Kara Walker's Fons Americanus (2019) in the Turbine Hall of Tate Modern
Kara Walker: Fons Americanus, Tate Modern, Bankside (2 October 2019-5 April 2020)
Kara Walkers 13-metre high fountain, entitled Fons Americanus, fills the Turbine Hall at Tate Modern (2 October-5 April 2020), giving the colossal space a sense of spectacle and scale lacking with previous years Hyundai commissions. The piece explores the interconnected histories of Africa, America and Europe over the centuries, referencing the transatlantic slave trade, the British Empire and Afro-Brazilian religions. The fountain, rising from two oval basins filled with water, is modelled on the grandiose Victoria Memorial in front of Buckingham Palace. Seeking out the sculptural figures dotted around the water work is part of the fun; these include JMW Turners Slave Ship (1840) and Damien Hirsts formaldehyde shark from The Physical Impossibility of Death in the Mind of Someone Living (1991). The full title of the work, presented in the form of a poetic discourse, is painted on the Turbine Hall wall. “Behold the Sworling Drama of the Merciless Seas, Routes and Rivers, upon which our dark fortunes were traded,” writes Walker. And on a lighter note: “Sitting is Strongly Encouraged on the Large Oval-Shaped benchlike area.”
The Immense Matrix III (2019) is composed of approximately six tonnes of steel mesh David Parry; courtesy of Antony Gormley and the Royal Academy
Antony Gormley,Royal Academy of Arts, Picadilly (until 3 December)
The most spectacular, super-sized works in the survey of Antony Gormleys output at the Royal Academy are garnering all the headlines, reiterating the sculptors place in todays art pantheon as a man who can make the impossible (sort of) look possible. Cave (2019) is a monster of a work, its cuboid forms filling every nook and cranny of the refined gallery space (bold visitors can enter the belly of the beast, although this is not for the faint-hearted). Another work designed to rupture the gilded Royal Academy setting is Clearing VII (2019), a “drawing in space” made from around 8km of square section aluminium tube; choosing a route through this huge ball of wire wool takes dexterity and patience (best skirt around the side). Do not dwell on the bigger works for too long as Gormleys impressive and expressive drawings, including Mould (1981), often reveal the germs of his ideas.
Rembrandts A Woman bathing in a Stream (Hendrickje Stoffels?) (1654) © The National Gallery, London
Rembrandts Light, Dulwich Picture Gallery, (4 October-2 February 2020)
To mark the 350th anniversary of Rembrandts death, the Dulwich Picture Gallery has invited the Hollywood cinematographer Peter Suschitzky to devise “an atmospheric visitor experience” for its latest exhibition, Rembrandts Light, which explores the artists use of light and shadow to convey different moods. Suschitzky is best known as the man behind the overall visual styles of several well-known films, such as The Rocky Horror Picture Show (1975) and Star Wars: The Empire Strikes Back (1980). The cinematographer has long been inspired by the Old Masters, in particular Rembrandt who strove “to find a universal truth in the human condition and used light to create motion and emotion”, he says. “This parallels cinematography, where sculpting light and directing the gaze of the viewer to the desired place in an image is essential for powerful storytelling.” The exhibition features a thematic display of 35 paintings, drawings and etchings.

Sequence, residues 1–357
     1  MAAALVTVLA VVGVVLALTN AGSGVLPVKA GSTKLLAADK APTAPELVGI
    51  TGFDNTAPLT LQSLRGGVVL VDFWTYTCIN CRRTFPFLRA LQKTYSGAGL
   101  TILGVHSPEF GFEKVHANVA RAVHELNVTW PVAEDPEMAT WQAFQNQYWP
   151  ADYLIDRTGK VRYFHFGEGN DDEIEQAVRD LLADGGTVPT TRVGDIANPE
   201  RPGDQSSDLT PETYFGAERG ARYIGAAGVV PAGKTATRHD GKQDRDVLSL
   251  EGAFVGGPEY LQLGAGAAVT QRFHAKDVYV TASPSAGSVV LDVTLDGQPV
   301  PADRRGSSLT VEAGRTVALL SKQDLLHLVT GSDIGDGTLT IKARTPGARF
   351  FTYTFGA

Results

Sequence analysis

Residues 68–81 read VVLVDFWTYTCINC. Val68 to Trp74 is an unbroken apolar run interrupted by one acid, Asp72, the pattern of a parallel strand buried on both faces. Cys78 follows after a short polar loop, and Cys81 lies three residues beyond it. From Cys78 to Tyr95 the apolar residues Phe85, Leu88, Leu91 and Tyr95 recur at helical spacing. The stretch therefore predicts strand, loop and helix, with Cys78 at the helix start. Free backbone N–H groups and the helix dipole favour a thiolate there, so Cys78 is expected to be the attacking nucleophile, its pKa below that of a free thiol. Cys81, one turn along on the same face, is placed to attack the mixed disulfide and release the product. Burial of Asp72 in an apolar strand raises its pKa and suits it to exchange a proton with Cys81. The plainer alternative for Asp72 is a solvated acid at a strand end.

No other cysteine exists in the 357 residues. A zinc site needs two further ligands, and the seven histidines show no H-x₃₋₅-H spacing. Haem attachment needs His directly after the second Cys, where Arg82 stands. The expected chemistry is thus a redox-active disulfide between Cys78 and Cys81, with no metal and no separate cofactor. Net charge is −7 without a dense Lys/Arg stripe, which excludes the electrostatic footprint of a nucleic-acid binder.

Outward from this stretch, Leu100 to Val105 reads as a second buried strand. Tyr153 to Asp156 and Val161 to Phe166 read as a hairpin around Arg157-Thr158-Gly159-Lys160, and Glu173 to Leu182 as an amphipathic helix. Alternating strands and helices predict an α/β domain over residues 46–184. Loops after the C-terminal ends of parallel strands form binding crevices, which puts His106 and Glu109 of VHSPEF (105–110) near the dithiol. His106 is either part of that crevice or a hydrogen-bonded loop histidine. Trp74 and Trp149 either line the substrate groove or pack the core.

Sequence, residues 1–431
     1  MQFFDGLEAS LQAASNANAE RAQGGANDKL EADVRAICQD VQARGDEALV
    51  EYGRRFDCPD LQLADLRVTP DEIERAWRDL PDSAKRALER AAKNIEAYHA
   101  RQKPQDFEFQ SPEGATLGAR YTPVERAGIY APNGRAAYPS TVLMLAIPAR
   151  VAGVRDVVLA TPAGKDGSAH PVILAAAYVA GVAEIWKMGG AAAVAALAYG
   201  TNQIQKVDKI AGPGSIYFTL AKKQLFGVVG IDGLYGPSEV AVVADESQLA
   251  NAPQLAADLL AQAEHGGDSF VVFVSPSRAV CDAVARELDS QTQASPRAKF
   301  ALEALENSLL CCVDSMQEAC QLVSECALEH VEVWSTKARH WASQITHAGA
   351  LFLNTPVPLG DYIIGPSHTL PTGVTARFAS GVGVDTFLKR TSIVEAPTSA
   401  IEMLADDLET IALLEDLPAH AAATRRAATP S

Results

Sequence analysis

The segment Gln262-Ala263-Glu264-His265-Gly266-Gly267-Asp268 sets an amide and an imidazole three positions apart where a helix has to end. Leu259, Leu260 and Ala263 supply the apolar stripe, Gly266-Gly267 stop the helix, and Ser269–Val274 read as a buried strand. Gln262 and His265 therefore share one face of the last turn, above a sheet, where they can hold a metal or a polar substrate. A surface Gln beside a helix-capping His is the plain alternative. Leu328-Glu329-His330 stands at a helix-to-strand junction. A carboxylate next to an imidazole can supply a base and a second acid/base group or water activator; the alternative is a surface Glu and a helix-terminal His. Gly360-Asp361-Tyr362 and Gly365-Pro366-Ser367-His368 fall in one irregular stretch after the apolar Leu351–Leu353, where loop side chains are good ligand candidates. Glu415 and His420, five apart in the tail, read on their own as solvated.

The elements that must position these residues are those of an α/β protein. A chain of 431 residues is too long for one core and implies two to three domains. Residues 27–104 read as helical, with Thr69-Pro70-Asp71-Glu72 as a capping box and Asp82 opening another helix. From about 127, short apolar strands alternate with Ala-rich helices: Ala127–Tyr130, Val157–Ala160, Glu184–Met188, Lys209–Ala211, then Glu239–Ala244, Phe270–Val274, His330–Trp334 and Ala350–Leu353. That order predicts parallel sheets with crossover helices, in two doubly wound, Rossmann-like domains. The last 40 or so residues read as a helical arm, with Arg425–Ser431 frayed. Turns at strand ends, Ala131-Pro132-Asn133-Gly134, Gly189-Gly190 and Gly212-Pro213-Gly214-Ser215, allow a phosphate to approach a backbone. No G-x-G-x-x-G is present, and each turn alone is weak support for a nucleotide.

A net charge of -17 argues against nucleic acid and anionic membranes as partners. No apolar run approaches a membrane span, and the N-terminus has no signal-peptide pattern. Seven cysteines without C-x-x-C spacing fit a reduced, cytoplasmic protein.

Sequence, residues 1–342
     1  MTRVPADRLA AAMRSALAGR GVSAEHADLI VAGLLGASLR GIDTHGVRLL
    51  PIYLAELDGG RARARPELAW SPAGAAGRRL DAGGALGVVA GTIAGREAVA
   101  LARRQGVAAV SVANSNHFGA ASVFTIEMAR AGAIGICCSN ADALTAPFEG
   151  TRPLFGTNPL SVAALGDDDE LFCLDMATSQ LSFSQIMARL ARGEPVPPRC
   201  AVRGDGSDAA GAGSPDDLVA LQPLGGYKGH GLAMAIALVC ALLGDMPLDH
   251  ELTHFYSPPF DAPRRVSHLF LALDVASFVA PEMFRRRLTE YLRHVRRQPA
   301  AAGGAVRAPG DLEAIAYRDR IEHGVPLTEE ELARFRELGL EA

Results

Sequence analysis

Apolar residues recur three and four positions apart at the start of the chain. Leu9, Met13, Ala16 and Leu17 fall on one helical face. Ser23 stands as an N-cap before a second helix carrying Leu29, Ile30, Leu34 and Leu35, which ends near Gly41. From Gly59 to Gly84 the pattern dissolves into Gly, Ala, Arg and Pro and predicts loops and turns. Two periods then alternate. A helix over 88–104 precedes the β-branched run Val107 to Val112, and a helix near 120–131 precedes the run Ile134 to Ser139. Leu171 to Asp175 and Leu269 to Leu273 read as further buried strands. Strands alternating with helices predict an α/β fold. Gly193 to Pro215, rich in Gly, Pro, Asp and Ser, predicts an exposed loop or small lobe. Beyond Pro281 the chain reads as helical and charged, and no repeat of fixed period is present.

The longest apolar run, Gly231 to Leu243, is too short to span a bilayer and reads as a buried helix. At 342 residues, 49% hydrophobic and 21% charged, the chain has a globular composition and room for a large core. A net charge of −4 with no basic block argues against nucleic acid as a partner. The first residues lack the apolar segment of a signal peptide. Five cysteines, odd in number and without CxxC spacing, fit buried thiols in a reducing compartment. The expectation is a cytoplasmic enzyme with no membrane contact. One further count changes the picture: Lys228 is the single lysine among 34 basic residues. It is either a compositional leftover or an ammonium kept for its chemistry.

The Great Animal Orchestra was created as an ode to the natural world using 50 years of audio recordings © UVA/The Cartier Foundation
Other Spaces, The Store X, The Vinyl Factory, 180 The Strand (until 9 December)
The Store X, The Vinyl Factory is showing a trio of immersive installations including the UK premiere of The Great Animal Orchestra (2016), an audio-visual work consisting of animal noises from an archive of more than 5,000 hours of recordings collected over the past 50 years. A collaboration between United Visual Artists (UVA) and the US musician and naturalist Bernie Krause, the piece is being presented in conjunction with the Fondation Cartier in Paris where it debuted. An ode to the beauty of the natural world, each screech, chirp and mating call merges into a bio-acoustic piece that “is as carefully orchestrated as humanitys most complex musical scores”. Electronic spectrograms, created by UVA, provide abstract visual interpretations of the natural environments represented. “It is rare for the visual element of a work to be secondary to its audio; we have turned the typical museum installation model on its ear,” Krause says.
At his Barbican show the US artist embarks on a journey into ImageNets classifications, beginning with everyday objects like an apple and progressing towards abstract categorisation Photo by Tim P. Whitby/Getty Images for Barbican Centre
Trevor Paglen: From Apple to Anomaly, The Curve, Barbican Centre (until 16 Feb 2020)
Trevor Paglen explores the unseen networks of power that monitor and control us, documenting secret US government bases, offshore prisons and surveillance drones. In the run up to the show, Paglen collaborated with the artificial intelligence researcher Kate Crawford to launch ImageNet Roulette, an online interactive project which revealed the often racist or misogynistic ways in which ImageNet—one of the largest online databases that is widely used to train machines how to read pictures—classifies images of people. At the Barbican, Paglen examines ImageNets classifications, starting from everyday objects like apples and moving towards more abstract concepts to arrive at the category of “anomaly”.
Installation view of Danh Vos Untitled at the South London Gallery Photo by Nick Ash